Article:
... or is it just a wopping great advantage? Media reports of the meeting in Cuba between the Pope and the Patriarch of Moskow, almost without exception, carried on about how this was the "first" meeting between the Pope and the head of the Russian Church since the "Skism" between East and West "nearly a thousand years ago".
I wonder who told the fools this convoluted nonsense. I hope it wasn't the Secretariate for Unity and/or Metropolitan Hilarion's people; because that would rather suggest that, 1984-style, Metropolitan Isidore has been declared an unperson and is to be written out of history.
Isidore, Metropolitan of Kiev, Moskow, and All Rus was at the Council of Florence in 1439, when the Union between East and West was brought about. Isidore was a keen advocate of that Union (and was in fact imprisoned on this account on his return home). He was made a papal legate and a Cardinal. Can it really be true that he never met the pope?
My suspicion is that the guilt here does not in fact lie with Koch or Hilarion, but with an arrogant laziness which prevents journalists from bothering to brief themselves accurately with regard to any 'religious' matters.
I wonder what we, or anybody, could do to explode the idea that 1054 is the date of the breach between East and West. It was a date, certainly, of a nasty spat in Constantinople when a Papal Legate excommunicated a Patriarch and that Patriarch excommunicated that Legate. But there had been nasty spats before then; and there were unions (such as that of Florence) after then. And analysing relations between East and West has never been a simple matter of assuming that Constantinople is the whole East. There are two other autonomous (and more ancient) patriarchates out there, as well as Jerusalem and Moskow. Moskow certainly doesn't think that Constantinople is the whole East: and Moskow is quite right on this as on many other matters.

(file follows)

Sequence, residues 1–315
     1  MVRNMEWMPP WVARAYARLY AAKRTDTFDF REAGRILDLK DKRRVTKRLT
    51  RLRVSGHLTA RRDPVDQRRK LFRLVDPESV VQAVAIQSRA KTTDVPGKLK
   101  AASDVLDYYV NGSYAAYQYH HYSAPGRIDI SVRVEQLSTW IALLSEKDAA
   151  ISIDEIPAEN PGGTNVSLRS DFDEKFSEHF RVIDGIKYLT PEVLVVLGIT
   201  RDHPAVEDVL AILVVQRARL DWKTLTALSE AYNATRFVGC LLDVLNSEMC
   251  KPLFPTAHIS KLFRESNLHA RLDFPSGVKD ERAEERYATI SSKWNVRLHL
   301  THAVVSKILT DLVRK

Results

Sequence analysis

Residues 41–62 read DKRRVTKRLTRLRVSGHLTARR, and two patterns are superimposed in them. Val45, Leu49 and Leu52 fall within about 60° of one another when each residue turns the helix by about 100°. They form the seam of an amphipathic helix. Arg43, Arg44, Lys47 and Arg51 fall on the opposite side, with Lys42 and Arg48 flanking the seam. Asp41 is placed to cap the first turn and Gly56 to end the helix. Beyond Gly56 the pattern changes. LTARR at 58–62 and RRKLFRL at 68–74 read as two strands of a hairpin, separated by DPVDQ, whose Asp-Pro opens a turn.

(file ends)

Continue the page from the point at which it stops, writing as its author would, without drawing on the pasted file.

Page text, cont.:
I am also much puzzled why are there so few banner headlines saying
POPE AND PATRIARCH SLAM ABORTION AND GAY MARRIAGE
Could it be that the text of the Declaration was just that bit too long for poor ill-educated journalists to be able to read all of it?
I have said before, I think, that I find the following a sobering thought:
When journalists rabbit on about things I do know just a little about, it is clear to me that they totally lack competence in that field. So should I therefore prudently assume per analogiam that, when they pontificate in fields in which I am ignorant, that's all a load of rubbish, too?